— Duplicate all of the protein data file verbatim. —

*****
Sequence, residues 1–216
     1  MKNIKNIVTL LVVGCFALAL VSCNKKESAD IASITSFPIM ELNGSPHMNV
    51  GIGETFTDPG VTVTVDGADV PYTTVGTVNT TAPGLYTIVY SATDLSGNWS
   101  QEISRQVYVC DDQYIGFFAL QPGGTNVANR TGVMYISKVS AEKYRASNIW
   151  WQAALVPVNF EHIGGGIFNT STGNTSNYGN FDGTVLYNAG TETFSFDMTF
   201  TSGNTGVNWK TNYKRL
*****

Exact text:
Sequence, residues 1–216
     1  MKNIKNIVTL LVVGCFALAL VSCNKKESAD IASITSFPIM ELNGSPHMNV
    51  GIGETFTDPG VTVTVDGADV PYTTVGTVNT TAPGLYTIVY SATDLSGNWS
   101  QEISRQVYVC DDQYIGFFAL QPGGTNVANR TGVMYISKVS AEKYRASNIW
   151  WQAALVPVNF EHIGGGIFNT STGNTSNYGN FDGTVLYNAG TETFSFDMTF
   201  TSGNTGVNWK TNYKRL